Wednesday, July 27, 2011

Curlew Sandpiper

I mean, really.  Too many "Siberian" i.e. Eurasian birds have been taking a wrong turn this year, and keep showing up in California. (By the way, birders in Hungary, Holland, and Hong Kong go running when an American bird like a Franklin's Gull or a Baird's Sandpiper shows up)

First there was the Bean Goose, then the Brown Shrike.  Then the Mongolian Plover, then the Little Stint.  And now, of course, your standard-issue Hungarian bird (as is the Little Stint): a Curlew Sandpiper.  He should be spending the winter in Australia.
To make matters worse, while we're staring across the Imperial Beach salt works through our scopes at the Curlew Sandpiper, through the heat haze, I am reading the email about the Spotted Redshank in Del Norte County.

Ten bucks says that one shows up in the L.A. River on August 5th.
Curlew Sandpiper, Caldris ferruginea (second bird from the left, to the right of the Red Knot)
26 July 2011
Imperial Beach, San Diego California
Nikon Coolpix 10 Megapixel taken through Brunton 80 mm spotting scope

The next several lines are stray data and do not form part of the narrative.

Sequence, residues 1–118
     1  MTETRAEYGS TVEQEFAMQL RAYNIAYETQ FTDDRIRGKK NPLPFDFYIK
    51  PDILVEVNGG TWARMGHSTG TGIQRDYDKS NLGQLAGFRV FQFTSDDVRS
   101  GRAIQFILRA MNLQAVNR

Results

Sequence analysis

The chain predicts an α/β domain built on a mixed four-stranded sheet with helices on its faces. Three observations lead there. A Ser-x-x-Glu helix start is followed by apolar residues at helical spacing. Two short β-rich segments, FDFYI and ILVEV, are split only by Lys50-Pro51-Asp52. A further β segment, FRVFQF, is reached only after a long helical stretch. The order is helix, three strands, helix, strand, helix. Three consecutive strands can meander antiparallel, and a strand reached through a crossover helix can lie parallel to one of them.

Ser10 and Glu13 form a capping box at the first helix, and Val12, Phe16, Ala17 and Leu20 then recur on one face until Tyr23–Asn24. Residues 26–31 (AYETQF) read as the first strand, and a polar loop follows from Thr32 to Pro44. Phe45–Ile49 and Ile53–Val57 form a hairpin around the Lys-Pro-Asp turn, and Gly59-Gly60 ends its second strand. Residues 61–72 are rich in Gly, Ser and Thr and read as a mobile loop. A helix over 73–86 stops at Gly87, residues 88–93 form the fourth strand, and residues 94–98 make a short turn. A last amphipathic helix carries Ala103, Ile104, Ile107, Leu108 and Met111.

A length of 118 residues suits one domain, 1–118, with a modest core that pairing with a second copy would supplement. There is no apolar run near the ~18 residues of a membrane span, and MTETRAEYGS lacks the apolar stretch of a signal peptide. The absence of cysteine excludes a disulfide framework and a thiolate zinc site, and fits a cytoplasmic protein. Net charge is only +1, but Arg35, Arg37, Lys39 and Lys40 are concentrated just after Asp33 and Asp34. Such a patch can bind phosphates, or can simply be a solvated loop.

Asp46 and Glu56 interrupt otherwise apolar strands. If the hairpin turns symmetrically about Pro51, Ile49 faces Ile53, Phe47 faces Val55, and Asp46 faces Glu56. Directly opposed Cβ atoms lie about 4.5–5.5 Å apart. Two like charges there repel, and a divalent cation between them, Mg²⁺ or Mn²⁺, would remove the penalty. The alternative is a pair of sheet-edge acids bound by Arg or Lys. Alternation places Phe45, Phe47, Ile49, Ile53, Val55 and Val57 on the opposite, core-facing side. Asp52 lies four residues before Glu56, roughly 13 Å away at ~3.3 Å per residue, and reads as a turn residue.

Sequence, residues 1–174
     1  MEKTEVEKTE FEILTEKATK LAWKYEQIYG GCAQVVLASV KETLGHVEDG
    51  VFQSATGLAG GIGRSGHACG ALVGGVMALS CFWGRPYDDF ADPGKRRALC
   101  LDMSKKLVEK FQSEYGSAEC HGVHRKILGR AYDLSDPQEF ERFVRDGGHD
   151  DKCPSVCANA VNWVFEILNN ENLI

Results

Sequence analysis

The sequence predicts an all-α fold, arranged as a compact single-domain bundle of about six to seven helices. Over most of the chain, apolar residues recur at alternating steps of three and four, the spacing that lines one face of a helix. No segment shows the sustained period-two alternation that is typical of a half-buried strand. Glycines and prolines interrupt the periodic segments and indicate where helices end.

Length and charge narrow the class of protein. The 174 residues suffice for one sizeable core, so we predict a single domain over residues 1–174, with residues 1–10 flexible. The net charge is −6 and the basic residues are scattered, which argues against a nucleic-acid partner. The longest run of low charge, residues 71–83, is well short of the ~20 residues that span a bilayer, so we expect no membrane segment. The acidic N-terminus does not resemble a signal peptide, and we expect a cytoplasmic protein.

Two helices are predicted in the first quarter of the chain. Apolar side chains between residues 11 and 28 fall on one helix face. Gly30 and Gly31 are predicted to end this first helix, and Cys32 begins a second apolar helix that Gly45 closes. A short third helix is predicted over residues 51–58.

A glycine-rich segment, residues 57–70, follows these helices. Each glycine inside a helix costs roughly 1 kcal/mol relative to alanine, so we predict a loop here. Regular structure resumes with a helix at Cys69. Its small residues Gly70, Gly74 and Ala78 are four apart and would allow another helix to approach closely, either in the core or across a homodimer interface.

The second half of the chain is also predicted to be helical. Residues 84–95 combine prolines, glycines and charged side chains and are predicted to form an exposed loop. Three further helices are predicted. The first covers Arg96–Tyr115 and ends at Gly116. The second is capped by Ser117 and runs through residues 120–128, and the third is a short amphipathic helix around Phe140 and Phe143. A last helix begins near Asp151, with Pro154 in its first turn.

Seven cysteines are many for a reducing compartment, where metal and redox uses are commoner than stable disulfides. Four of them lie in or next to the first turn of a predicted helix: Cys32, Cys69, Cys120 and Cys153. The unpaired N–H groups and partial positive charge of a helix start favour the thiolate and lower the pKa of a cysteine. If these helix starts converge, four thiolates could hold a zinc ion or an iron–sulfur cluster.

There's only one thing to do after seeing a Curlew Sandpiper in Imperial Beach: go splash in the surf, then eat.

"Dada, is he dead? He won't talk to me."

Then, of course, it's time for desert:
"Hey, look!  They named it after me!"

Monday, July 25, 2011

Aprópartfutó (Calidris minutus) Los Angelesben

Ennye, ennye, aprópartfutó.  Mit keresel Los Angelesnek a sivatagi külterületén?
Little Stint, Calidris minutus
Piute Ponds
Edwards Air Force Base
24 July 2011
Nikon Coolpix 10 Megapixels
digiscoped through
Brunton 80 mm scope
Szegény Varga Csabát nem is vihettem oda, ahol futkorászol a sárban.
Hát mondjuk, a Csabát ismerve, még ha felájnlottam volna neki, hogy oda visszem, nemet mondott volna.
Majd legközelebb!

Sunday, July 24, 2011


     Cryptozoology is the search for i.e. study of elusive creatures like the Yeti, Sasquatch, and the Loch Ness Monster.      
     Well, keep on looking, 'cause they don't exist.  Neither do the Chupacabra, or little green men from outer space.
     I have decided to search out 3 creatures that do exist, but have been seen by less than 0.00001% of California residents, despite the fact that they are known to be permanent, year-round residents of the state:

1)     Bassariscus astutus,
2)     Sauromalus ater, and
3)     Heloderma suspectum

The word I am coining for this search for elusive, yet real animals is counter-intuitive, but I think it works: Pseudocryptozoology shall be the antithesis of cryptozoology.  Instead of searching for creatures that are hard-to-find because they don't exist, I am searching for creatures that are hard to find, even though they exist in large numbers.